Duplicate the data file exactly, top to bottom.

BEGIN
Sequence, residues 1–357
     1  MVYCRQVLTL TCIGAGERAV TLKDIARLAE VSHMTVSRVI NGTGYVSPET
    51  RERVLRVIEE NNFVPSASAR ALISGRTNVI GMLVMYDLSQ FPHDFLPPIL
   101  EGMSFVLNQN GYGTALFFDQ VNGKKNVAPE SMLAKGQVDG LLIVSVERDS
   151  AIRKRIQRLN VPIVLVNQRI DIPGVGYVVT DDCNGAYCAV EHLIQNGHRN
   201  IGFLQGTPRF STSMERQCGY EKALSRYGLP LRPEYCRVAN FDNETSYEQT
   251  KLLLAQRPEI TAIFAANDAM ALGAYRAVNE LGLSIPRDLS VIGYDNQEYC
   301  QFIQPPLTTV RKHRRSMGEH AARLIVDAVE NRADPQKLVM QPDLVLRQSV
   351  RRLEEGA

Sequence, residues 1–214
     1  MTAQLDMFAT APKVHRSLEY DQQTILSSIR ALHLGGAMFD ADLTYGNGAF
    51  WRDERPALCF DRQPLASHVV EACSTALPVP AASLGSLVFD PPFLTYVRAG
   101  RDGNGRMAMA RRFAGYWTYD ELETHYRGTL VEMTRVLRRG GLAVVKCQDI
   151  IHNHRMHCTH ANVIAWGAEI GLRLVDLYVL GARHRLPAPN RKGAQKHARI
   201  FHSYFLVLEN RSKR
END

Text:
Sequence, residues 1–357
     1  MVYCRQVLTL TCIGAGERAV TLKDIARLAE VSHMTVSRVI NGTGYVSPET
    51  RERVLRVIEE NNFVPSASAR ALISGRTNVI GMLVMYDLSQ FPHDFLPPIL
   101  EGMSFVLNQN GYGTALFFDQ VNGKKNVAPE SMLAKGQVDG LLIVSVERDS
   151  AIRKRIQRLN VPIVLVNQRI DIPGVGYVVT DDCNGAYCAV EHLIQNGHRN
   201  IGFLQGTPRF STSMERQCGY EKALSRYGLP LRPEYCRVAN FDNETSYEQT
   251  KLLLAQRPEI TAIFAANDAM ALGAYRAVNE LGLSIPRDLS VIGYDNQEYC
   301  QFIQPPLTTV RKHRRSMGEH AARLIVDAVE NRADPQKLVM QPDLVLRQSV
   351  RRLEEGA

Sequence, residues 1–214
     1  MTAQLDMFAT APKVHRSLEY DQQTILSSIR ALHLGGAMFD ADLTYGNGAF
    51  WRDERPALCF DRQPLASHVV EACSTALPVP AASLGSLVFD PPFLTYVRAG
   101  RDGNGRMAMA RRFAGYWTYD ELETHYRGTL VEMTRVLRRG GLAVVKCQDI
   151  IHNHRMHCTH ANVIAWGAEI GLRLVDLYVL GARHRLPAPN RKGAQKHARI
   201  FHSYFLVLEN RSKR